* Morningstar in $52 million deal for Realpoint LLC
* Morningstar: subscription model avoids conflicts
* S&P: transparent ratings address conflict worries (Adds Fitch response, pay arrangements)
BOSTON, March 19 (Reuters) - Morningstar Inc MORN.O plans to buy credit rating firm Realpoint LLC to expand its challenge to the three major rating agencies in structured finance, one of the most lucrative parts of the business.
Chicago-based Morningstar said on Friday it will pay $52 million for Realpoint, a spinoff from GMAC Commercial Mortgage Securities Inc [GMACC.UL]. Realpoint, based in Horsham, Pennsylvania, focuses on structured credit products such as commercial mortgage backed securities.
Morningstar is best known for its research on mutual funds but has been expanding into other areas lately, including a move in December to start publishing credit ratings on debt of about 150 of the largest U.S. companies.
The structured ratings business is dominated by Standard & Poor's, a unit of McGraw-Hill Cos Inc MHP.N, Moody's Corp MCO.N and Fitch Ratings, a subsidiary of French financial services firm Fimalac SA LBCP.PA.
But critics, including the attorneys general of Ohio and Connecticut, say the big three helped cause the financial crisis by giving excessively high ratings to weak structured securities that later went into default. The critics charge that the large agencies fell prey to a conflict of interest since debt issuers paid for ratings and could withhold future business.
Morningstar and Realpoint say they will avoid that conflict of interest because most of their ratings are paid for by investors instead of issuers. About 225 institutions currently subscribe to Realpoint’s research.
“We are more aligned with investors,” said Realpoint Chief Executive Robert Dobilas, who is one of five co-founders of the company.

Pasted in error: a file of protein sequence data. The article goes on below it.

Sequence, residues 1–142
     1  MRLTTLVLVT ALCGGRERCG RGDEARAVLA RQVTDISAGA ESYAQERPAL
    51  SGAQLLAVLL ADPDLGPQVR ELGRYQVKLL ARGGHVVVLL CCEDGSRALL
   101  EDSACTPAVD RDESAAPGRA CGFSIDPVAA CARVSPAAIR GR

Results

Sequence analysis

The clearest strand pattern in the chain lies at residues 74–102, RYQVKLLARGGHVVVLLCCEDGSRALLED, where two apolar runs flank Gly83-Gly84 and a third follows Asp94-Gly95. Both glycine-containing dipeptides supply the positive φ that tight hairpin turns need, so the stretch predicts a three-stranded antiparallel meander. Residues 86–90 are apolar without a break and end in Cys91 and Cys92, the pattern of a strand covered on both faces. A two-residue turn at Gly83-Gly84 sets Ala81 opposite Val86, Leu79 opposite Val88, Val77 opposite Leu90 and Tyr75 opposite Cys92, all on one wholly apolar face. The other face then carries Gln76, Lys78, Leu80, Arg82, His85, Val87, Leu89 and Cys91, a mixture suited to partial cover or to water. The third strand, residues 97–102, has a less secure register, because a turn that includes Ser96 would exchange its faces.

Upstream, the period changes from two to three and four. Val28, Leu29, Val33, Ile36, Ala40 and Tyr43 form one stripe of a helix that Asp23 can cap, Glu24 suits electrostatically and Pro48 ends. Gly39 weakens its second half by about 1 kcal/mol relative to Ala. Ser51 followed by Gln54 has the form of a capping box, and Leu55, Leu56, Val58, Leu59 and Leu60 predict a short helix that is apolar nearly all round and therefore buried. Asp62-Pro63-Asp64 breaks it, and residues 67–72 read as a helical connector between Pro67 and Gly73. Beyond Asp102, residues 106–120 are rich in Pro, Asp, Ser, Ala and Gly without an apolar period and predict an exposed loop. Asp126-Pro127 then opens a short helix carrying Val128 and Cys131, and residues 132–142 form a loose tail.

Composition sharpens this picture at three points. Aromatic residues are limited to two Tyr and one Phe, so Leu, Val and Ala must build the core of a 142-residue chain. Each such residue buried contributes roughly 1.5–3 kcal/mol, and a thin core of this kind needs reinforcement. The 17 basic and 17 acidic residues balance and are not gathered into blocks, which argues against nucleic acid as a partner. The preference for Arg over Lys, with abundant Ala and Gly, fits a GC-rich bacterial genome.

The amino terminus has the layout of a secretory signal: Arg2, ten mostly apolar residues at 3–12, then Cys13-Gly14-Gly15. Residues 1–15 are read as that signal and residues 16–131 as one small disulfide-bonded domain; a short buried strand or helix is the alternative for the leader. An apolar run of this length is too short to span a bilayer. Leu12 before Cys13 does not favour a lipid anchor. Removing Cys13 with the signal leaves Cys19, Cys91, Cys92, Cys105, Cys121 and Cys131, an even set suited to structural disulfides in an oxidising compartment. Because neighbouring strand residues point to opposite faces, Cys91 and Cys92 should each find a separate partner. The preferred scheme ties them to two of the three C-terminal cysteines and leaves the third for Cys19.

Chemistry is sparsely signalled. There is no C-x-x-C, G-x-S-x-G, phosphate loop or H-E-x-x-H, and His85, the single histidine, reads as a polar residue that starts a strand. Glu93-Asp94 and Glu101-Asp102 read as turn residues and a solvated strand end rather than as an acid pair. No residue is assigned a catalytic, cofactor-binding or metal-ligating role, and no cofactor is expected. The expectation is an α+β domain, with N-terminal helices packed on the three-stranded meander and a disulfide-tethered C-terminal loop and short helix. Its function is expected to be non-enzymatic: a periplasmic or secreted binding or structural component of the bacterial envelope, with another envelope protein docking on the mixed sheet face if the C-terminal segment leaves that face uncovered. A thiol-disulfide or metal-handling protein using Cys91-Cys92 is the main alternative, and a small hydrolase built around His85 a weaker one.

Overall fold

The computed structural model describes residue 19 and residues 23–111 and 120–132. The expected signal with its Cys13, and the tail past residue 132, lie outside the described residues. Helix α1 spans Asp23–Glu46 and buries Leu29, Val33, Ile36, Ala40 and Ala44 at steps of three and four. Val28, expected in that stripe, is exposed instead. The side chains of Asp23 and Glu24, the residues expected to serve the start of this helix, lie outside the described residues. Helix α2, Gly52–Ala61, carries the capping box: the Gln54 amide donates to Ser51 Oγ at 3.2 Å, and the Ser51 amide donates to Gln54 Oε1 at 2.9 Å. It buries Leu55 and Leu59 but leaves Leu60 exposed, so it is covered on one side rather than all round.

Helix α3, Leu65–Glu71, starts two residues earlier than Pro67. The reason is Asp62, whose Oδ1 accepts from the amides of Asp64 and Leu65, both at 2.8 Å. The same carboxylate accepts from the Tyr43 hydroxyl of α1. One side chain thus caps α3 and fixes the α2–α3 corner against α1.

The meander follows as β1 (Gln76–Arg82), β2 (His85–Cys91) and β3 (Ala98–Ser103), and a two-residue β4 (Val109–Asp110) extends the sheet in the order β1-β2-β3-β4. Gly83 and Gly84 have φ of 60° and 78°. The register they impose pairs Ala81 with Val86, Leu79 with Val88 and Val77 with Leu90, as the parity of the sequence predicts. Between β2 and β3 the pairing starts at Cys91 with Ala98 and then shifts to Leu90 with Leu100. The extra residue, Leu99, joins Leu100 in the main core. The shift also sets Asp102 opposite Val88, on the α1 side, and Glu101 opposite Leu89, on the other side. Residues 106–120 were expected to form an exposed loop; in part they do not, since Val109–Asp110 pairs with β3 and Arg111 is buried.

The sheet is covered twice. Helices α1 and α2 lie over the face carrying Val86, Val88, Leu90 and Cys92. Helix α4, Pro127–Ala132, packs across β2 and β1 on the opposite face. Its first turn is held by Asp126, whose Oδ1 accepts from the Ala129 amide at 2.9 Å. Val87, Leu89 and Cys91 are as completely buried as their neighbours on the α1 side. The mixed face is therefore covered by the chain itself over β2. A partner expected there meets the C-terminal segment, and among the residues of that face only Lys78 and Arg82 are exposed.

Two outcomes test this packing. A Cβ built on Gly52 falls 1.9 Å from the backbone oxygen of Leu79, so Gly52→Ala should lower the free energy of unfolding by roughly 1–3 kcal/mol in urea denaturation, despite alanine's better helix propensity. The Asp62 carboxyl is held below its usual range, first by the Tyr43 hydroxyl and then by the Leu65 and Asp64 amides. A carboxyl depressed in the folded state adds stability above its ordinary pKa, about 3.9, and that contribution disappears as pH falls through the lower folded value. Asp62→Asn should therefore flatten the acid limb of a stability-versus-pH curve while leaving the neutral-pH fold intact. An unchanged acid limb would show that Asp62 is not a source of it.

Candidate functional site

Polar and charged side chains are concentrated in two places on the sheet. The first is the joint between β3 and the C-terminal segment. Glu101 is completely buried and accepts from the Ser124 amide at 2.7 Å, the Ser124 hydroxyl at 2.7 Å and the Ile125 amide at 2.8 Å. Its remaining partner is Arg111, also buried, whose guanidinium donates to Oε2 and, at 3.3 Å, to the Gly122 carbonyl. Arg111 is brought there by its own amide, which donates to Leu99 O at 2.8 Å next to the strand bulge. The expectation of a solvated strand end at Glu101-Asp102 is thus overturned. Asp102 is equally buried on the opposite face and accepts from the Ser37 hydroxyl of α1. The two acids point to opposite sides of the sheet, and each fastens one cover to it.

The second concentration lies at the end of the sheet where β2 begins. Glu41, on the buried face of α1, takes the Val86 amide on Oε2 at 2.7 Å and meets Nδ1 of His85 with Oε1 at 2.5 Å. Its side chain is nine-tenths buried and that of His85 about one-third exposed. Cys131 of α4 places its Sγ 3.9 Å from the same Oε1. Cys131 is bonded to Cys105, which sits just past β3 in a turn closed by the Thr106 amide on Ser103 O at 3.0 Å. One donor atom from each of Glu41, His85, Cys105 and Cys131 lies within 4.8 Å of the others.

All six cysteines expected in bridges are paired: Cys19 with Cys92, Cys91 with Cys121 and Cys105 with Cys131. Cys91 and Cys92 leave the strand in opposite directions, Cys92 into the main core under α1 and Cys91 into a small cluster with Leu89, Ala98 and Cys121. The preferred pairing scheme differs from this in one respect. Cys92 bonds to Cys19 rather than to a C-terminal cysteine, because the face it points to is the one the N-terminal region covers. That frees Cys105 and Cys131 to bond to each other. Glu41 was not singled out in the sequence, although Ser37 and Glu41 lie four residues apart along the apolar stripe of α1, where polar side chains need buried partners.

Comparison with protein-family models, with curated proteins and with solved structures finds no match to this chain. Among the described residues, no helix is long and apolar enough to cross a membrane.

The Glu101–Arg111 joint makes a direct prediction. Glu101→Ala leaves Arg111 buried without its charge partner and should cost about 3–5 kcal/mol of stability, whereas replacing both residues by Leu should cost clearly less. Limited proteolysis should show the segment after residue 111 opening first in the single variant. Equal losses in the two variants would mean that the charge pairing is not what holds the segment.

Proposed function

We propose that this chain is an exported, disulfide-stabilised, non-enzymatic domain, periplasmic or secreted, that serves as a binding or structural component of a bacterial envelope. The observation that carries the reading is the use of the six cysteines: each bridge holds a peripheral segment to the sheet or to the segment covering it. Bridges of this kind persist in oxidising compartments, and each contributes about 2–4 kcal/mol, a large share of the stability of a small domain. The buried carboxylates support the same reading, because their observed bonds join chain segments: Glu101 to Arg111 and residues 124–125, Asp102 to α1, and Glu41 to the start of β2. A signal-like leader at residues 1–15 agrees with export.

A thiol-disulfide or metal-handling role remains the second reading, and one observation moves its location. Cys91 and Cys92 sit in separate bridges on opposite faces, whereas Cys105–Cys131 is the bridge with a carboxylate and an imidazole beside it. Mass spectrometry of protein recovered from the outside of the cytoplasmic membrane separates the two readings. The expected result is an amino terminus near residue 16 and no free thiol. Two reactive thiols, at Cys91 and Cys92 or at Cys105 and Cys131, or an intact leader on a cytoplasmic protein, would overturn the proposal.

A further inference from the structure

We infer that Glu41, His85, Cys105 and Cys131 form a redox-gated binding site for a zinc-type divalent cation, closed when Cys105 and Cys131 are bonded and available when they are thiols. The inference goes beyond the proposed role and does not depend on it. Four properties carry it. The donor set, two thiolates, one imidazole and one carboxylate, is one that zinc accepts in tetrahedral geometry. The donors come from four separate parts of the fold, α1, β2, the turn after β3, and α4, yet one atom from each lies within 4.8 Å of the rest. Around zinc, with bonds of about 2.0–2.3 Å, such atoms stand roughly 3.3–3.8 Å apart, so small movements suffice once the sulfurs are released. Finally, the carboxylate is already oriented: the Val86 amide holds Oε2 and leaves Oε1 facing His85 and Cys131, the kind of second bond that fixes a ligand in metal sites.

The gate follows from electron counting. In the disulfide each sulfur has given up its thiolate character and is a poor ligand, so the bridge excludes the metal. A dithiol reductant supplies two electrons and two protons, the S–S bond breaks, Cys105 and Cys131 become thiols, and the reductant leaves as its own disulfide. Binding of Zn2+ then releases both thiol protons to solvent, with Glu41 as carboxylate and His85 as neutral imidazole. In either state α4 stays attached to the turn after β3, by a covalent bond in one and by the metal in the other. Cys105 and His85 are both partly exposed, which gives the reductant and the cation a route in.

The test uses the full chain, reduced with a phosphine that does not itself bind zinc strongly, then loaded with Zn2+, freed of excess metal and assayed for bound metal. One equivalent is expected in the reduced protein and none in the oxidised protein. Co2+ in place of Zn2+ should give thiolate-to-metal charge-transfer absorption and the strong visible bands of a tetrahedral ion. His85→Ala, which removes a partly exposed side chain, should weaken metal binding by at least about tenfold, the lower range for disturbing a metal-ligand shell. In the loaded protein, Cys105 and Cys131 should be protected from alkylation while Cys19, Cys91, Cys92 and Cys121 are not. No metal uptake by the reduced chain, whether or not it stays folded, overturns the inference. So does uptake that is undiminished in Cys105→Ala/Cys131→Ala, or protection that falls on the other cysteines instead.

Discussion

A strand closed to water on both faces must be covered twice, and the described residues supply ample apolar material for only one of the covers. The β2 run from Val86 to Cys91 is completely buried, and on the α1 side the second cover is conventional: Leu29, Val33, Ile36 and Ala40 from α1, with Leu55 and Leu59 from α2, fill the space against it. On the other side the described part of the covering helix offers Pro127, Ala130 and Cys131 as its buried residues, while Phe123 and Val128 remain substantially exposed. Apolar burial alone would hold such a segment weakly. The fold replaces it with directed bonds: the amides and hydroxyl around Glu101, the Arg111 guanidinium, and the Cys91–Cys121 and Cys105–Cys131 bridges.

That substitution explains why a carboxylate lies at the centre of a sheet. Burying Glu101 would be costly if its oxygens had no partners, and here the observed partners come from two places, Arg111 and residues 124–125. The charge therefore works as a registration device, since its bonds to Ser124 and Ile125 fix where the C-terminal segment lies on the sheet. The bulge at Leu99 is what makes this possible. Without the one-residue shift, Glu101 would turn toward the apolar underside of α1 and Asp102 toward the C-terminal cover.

The companies also maintain they will do a better job tracking changes in credit quality. “The other ratings agencies were spending research time on the new issues and weren’t following up on the existing ones,” said Catherine Odelbo, Morningstar’s president of equity research.
Realpoint does charge fees to companies to rate new structured issuances. But clients can review its models to avoid conflicts in those cases, executives said.
A spokesman for Standard & Poor’s said that all business models have potential conflicts and that his company addresses them by making its ratings widely available. “Unlike the subscriber model, our ratings are released to the market free of charge to all market participants,” said spokesman Ed Sweeney.
Fitch spokesman David Weinfurter made a similar point. “There are conflicts that have to be managed by credit rating agencies whether they are paid by issuers, investors, or both,” he said.
A representatives of Moody’s did not respond to questions.
Odelbo will oversee Realpoint and its 43 employees.
Like S&P, Moody’s and Fitch, Realpoint is registered with the U.S. Securities and Exchange Commission as a “Nationally Recognized Statistical Ratings Organization.” The designation allows many types of investors including mutual funds and pension funds to rely on its ratings as part of meeting their regulatory obligations.
Morningstar said it will pay $42 million in cash and $10 million in restricted stock for Realpoint, which had revenue of about $12 million in 2009.
Reporting by Ross Kerber and Aaron Pressman; Editing by Derek Caney, Tim Dobbyn and Richard Chang
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